Slider_Stollen_Panther-MediaChristmas is just around the corner. Some have already planned and accomplished their Christmas shopping lists and others are waiting until the last minute to get the ball rolling. Whatever tradition you have been accustomed with, there’s always one simple thing that brings all our beliefs together and that is the spirit of giving.

Today, we are going to share with you something that you can also share and give to friends and families. Something that has been in the traditions of Germans from generation to generation – the Dresdner Christstollen. Or what we can also call a German Christmas fruitcake. We know we have been late in sharing this since it’s usually prepared for weeks and weeks before consumption. But it’s better late than never.

Before the recipe, let us take you back to the history of the Classic Dresdner Christstollen. Where it came from, how it got its name, how and why it became part of Christmas tradition in Germany and why do you have to wait for weeks before you can enjoy a slice of this mouthwatering stollen.

As it’s obviously stated, the Classic Dresdner Christstollen originated in Dresden, Germany and can be traced back to the 15th century. It was first mentioned on an invoice to the court at Dresden where it was made and tasted differently than the one we enjoy these days. At that era, stollen was eaten during the fasting time and thus it was made only of flour, yeast and water as the church would not allow the use of grandiose ingredients such as butter or milk as a sign of abstinence from festive pleasures. However, fast forward to 1491, the Pope has revoked the butter ban fulfilling the request of Prince Ernst, Elector of Saxony, and his brother Albrecht. From then on until now, the taste and texture may have improved but the form and shape of a stollen has not changed for the very same reason that it symbolizes the infant Jesus wrapped in swaddling clothes.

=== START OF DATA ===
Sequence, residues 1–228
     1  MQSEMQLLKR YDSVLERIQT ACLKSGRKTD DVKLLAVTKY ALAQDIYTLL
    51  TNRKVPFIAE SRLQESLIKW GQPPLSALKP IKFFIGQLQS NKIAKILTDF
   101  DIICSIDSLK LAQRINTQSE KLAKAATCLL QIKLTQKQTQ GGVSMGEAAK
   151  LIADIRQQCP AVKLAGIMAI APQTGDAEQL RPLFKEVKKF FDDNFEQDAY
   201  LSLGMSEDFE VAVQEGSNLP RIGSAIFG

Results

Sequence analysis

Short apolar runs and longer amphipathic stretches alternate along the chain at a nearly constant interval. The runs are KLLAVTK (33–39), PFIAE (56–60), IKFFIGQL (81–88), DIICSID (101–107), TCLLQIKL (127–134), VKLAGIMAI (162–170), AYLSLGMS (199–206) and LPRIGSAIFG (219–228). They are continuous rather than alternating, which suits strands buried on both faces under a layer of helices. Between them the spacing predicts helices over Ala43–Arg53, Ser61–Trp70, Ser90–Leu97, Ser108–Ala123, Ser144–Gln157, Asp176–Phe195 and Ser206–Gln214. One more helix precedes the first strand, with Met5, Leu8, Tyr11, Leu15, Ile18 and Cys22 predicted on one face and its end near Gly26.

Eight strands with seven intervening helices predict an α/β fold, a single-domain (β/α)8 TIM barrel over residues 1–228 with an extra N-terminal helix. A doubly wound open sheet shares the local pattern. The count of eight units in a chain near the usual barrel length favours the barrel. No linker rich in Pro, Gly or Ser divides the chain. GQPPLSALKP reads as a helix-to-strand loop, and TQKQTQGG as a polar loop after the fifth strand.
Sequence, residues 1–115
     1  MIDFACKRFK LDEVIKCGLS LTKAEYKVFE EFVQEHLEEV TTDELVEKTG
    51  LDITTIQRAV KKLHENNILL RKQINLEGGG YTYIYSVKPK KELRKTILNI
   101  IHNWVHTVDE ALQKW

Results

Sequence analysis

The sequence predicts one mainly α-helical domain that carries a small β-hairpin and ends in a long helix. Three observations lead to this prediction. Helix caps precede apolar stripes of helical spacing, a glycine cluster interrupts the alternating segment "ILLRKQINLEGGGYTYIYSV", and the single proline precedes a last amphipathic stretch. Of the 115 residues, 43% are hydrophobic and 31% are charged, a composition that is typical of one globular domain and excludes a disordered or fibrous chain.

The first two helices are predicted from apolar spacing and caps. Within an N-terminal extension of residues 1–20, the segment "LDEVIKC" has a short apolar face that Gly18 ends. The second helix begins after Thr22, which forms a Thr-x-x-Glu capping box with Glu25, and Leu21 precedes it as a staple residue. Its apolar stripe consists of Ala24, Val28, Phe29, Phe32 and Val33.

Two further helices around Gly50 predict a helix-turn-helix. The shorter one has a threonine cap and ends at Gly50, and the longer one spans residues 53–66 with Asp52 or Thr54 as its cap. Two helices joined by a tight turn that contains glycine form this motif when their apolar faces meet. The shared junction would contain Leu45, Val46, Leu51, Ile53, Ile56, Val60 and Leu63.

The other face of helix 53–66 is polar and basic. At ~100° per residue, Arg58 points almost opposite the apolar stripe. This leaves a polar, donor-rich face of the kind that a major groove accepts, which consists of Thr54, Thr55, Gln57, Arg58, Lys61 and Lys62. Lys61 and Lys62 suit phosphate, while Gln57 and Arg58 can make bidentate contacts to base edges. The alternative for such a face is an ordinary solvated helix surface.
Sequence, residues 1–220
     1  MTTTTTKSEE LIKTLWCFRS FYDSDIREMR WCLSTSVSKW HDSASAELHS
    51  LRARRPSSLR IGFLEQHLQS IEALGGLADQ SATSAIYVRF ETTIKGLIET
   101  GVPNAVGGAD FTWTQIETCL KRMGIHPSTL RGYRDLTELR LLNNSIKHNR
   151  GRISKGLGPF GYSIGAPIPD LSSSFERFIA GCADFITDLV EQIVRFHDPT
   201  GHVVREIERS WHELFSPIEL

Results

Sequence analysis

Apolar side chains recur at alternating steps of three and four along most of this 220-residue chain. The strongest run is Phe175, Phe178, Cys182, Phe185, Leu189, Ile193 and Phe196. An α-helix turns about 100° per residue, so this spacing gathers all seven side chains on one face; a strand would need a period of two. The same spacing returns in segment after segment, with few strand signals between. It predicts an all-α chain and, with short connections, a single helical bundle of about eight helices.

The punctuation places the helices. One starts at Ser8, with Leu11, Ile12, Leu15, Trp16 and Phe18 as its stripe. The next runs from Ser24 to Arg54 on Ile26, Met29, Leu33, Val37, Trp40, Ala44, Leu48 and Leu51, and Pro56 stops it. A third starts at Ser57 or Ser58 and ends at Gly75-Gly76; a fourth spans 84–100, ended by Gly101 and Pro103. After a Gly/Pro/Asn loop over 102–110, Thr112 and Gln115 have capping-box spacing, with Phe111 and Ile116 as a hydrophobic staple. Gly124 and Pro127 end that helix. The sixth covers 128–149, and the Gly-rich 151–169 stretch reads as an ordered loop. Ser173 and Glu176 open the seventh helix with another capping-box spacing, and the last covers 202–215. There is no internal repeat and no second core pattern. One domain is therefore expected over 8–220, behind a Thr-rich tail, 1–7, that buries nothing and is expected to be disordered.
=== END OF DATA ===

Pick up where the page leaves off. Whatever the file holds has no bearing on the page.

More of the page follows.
Now a recipe being handed down from generation to generation is what makes the stollen the great and classic German Christmas pastry we have today. Below is the classic recipe of Dresdner Christstollen, or also known as German Christmas fruitcake.



  • 1 kg wheat flour
  • 80 g yeast
  • 250 ml milk
  • 700 g butter
  • 150 g sugar
  • 15 g salt
  • 10 g spice mix (1 g cardamom, 1 g cinnamon, 2 g nutmeg, 6 g vanilla)
  • 125 g icing / powdered sugar (for dusting)

Fruit mixture:

  • 600 g raisin
  • 50 g candied lemon peel
  • 50 g candied orange peel
  • 100 g chopped almonds (sweet)
  • 10 g chopped almonds (bitter)
  • 80 g rum
  • 220 g vanilla sugar
  • 10 g lemon zest


Combine raisins, candied peels (lemon and orange), almonds, vanilla sugar, rum and lemon zest. Let mixture soak overnight.

Tip: Substitute rum with unsweetened orange juice to make the stollen kid-friendly and enjoyed by everyone in the family.

Heat up the milk for approximately 26°C, dissolve the yeast in it and mix together with half of the flour into a dough. Once the yeast pieces are dissolved, add in the butter, sugar, spices and the remaining flour to form a smooth dough.

Let the dough rise for 60 minutes or until it doubled the size, knead the dough and add in the rum-soaked dry fruits from the day before. When all ingredients are equally distributed, roll into an oval shape and place on a greased baking sheet.

Preheat oven to 200°C and bake at 180°C for about 50 to 60 minutes. After baking, brush butter generously all over the warm loaf and sprinkle vanilla sugar on top. Let it cool and dust over the loaf with sieved powdered sugar.

Storing: Wrap the cooled loaf, after dusting powdered sugar, into a foil or a plastic wrap and keep inside a biscuit tin.

A stollen is usually prepared and made in advance, for example, at least 2 weeks before serving it. Why, you ask. It’s because through time the juice from the fruits will be evenly absorbed throughout the whole loaf, which makes huge difference in the taste and texture of the stollen. But it is also great when eaten fresh after it has cooled down. Whatever your preference is, making the stollen specifically with your loved ones is what makes this classic pastry a part of German families’ tradition and heritage.

Tip: You may wish to prepare the stollen in advance before consumption. Store the stollen for at least 2 weeks or more before serving to achieve just the right taste and texture for this classic German Christmas fruitcake.

It’s not that hard to bake, it just takes some patience because you have to wait a few weeks for you to actually enjoy the goodness of a stollen, but we guarantee you that it is worth the wait.

Bon appetit!

Is there other classic and traditional German recipe you would like to explore? Let us know by commenting below this post or on our Facebook. We would be glad to share them with you!